Visa. No borders.
July 26, 2012 in Uncategorized
“Many governments around the world know that there are more benefits in getting paid electronically, than by any other traditional method. Checks are being phased out. In the United Kingdom the UK Payments board has suggested that by Halloween 2018, the system that processes checks (or cheques, whichever you prefer) be terminated.”
Jozi, Jozi. 26o 12′ 16″ S, 28o 2′ 44″ E. I suppose in the context of the European flipping and flopping (seemingly) a trading day ending with green on the screen was all we needed. Well, the bulls at least. There were several stocks that surged, MTN jumped out of the (virtual) page at me, the stock closed at 15103 on the day, at what I called a ‘normalised’ high. Why I say normalised is because back in May of 2008 there was deal related activity taking place from Indian suitors, but that fell away, and then the period of great pity passed, and MTN fell to less than half of where they are now. What I am trying to say is that if that deal related activity had not been present, the stock would not have traded north of 160 Rand a share, back then. So, in the absence of news, this is what I call a normalised high. In fact there is news, and in this case it might actually be that the Turkcell claim could be dismissed, this is something that we are lead to believe that should happen by year end. That is all that I have to say about that. I am guessing (from last year’s timing and SENS) that we should see results mid August, or early in the second half of August.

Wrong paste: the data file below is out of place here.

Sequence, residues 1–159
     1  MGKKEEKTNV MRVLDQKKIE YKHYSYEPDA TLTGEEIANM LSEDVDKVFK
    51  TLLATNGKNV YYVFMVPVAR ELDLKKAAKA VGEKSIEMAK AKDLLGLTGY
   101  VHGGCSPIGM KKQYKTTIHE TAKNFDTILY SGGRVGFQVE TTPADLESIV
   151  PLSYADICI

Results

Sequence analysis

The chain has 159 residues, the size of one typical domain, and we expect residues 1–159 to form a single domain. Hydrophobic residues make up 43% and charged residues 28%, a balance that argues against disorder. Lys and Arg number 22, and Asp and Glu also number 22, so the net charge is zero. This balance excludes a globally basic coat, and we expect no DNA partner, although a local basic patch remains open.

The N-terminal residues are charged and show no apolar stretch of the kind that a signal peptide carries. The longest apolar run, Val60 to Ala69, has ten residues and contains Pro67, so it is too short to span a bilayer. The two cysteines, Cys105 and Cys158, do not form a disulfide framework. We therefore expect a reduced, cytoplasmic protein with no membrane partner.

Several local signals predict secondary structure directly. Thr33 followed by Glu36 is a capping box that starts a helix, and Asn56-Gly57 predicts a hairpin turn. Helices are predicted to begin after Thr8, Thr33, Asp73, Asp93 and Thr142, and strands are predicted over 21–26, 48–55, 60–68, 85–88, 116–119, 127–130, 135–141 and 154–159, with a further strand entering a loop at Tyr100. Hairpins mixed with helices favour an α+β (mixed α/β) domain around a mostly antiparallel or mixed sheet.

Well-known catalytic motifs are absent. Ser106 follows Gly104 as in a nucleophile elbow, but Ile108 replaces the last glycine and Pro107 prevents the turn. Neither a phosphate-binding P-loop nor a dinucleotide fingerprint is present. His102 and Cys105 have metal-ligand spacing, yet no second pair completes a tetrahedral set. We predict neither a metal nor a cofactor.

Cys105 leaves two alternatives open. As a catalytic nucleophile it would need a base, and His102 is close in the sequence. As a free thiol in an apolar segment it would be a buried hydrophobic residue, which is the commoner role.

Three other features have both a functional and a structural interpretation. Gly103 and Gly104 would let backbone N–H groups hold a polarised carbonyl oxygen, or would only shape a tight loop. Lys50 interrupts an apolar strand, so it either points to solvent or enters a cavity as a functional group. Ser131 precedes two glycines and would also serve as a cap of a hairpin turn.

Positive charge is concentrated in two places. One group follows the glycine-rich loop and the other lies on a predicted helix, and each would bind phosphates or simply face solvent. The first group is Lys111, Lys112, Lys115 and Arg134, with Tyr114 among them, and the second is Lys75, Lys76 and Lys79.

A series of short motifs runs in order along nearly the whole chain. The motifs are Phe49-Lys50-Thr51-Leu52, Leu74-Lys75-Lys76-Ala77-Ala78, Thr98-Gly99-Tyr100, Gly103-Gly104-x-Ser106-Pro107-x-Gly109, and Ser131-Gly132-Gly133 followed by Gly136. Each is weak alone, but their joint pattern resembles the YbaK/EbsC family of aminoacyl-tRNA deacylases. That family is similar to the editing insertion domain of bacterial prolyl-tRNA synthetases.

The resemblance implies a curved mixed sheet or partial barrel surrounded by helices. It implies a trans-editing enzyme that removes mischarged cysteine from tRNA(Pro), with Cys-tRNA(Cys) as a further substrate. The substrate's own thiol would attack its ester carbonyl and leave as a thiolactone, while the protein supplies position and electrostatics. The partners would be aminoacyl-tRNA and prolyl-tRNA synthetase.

New York, New York. 40o 43′ 0″ N, 74o 0′ 0″ W. It was a gentle roller coaster ride through the session, culminating in tech stocks being dragged lower by a selloff in Apple shares (down 4.32 percent) but a big session for some Dow Jones majors buoyed blue chips. Both Caterpillar (which Byron takes a look at) and Boeing had strong sessions, sending blue chips more than half a percent higher. It was one of those rare days when the constituents of the respective indices actually held sway over the others. Both Boeing and Caterpillar have higher prices than the bottom two thirds of the Dow Jones Industrials constituents. And because the Dow Jones Industrial average is a price weighted index, the companies with the larger stock prices make up most of the moves. In fact the top 9 shares (one below Boeing is United Technologies in 9th place overall) are more than half of the weighting of the overall index. Such is the insignificance of the bottom two, Alcoa and Bank of America, they form only one percent of the overall weighting, that if they both